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Blue Ox: Taking healthcare companies from the 2nd innings to the 6th innings

New York-based Blue Ox Healthcare Partners (Blue Ox) is a private equity investment firm providing capital to growth stage healthcare companies. The firm focuses on businesses in the middle market targeting the industry’s transformation to individuality and value-based care in healthcare services, HCIT, and medical and life sciences technologies, whose innovations, strategies and operations are poised for growth.

The firm was established in 2009 by Oded Levy when he left Oracle Partners LP, a hedge fund focused on healthcare investments. At that time, Levy was joined by Sheila H Schweitzer as Co-Founder Managing Partner at Blue Ox, after selling her company to UnitedHealth Group. Schweitzer has over 30 years’ experience in the healthcare industry and has served on numerous boards. 

"We have domain expertise in the middle-market and lower middle-market healthcare sector,” says Oded Levy, Co-Founder and Managing Partner. "We made a transformation of the company over a year ago when John Neczesny, a long-time investment banker formerly with Bear Stearns, joined us as Managing Partner and COO, and Dr Charles Kennedy, previously CEO of Aetna’s Accountable Care Solutions division, also joined us as Managing Partner.”

Discussing Blue Ox’s investment strategy, Kennedy remarks that the US has witnessed a response to what has historically been a hugely wasteful and unaffordable healthcare system with a move towards towards individuality. US physicians are now paid based on the value of services to keep individuals healthy; treating each case individually to create the best outcome. The financial incentives have therefore changed in the direction of individuality, he says.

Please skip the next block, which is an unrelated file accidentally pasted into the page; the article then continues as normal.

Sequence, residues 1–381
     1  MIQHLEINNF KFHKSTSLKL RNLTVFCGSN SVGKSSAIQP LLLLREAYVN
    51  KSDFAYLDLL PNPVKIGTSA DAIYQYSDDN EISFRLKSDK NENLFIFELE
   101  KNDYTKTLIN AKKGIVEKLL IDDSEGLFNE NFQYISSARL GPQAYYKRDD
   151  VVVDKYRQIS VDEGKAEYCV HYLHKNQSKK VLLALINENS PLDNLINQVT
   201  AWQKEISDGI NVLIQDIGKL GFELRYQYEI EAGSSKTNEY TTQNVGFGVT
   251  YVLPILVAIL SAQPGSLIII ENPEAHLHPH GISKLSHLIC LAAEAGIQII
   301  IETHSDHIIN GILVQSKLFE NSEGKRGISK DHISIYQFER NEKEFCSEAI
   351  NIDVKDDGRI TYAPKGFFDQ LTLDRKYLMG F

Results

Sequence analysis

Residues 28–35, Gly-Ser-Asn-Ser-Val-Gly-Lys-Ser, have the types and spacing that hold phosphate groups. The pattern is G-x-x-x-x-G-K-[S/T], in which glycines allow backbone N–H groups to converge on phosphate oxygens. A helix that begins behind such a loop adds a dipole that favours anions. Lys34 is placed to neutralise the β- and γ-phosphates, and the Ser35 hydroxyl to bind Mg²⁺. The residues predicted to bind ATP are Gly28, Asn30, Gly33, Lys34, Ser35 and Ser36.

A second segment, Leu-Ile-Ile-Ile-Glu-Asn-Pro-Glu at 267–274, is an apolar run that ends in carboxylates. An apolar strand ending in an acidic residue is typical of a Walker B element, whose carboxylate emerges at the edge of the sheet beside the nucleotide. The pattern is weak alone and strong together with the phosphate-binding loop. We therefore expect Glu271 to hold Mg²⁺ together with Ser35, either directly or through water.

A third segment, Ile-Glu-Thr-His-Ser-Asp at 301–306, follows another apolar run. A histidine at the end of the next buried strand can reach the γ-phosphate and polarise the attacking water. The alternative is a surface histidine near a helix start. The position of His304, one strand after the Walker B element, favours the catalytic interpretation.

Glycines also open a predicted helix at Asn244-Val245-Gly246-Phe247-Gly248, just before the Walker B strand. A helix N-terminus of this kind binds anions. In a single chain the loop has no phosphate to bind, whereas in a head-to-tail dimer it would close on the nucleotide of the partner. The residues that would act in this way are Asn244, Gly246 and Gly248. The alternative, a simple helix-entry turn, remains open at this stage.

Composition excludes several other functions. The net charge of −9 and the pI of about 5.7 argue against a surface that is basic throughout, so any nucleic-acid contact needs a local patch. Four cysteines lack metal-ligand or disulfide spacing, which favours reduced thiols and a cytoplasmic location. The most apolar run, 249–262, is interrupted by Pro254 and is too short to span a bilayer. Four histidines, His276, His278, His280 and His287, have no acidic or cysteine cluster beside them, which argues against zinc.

“What the industry is trying to do with this notion of value-based care is change how we pay providers from a focus on the volume of services that are provided to a focus on the value of services that help people get healthy or moderate the course of their disease,” explains Kennedy. 

“As CEO of Aetna’s Accountable Care Solutions division, I was able to see how that transformation was taking place in the US healthcare industry. What I believe has been missing are the tools, the technologies, the drugs, the diagnostics that would enable providers to change how they do business and take care of patients on a value basis.

"What is needed in the US healthcare industry is really innovative new companies with new solutions that help to deliver healthcare more efficiently and more effectively. And that is what drew me into the world of private equity and Blue Ox specifically given our focus on investing in these types of companies.”

If one looks at the underlying science advances for clinical medicine, it’s headed toward precision medicine. "We’re sequencing people’s genomes and understanding their phenotypes, we know more about individuals’ diseases and many of the new therapies coming to market are more individually tailored than they used to be," says Kennedy.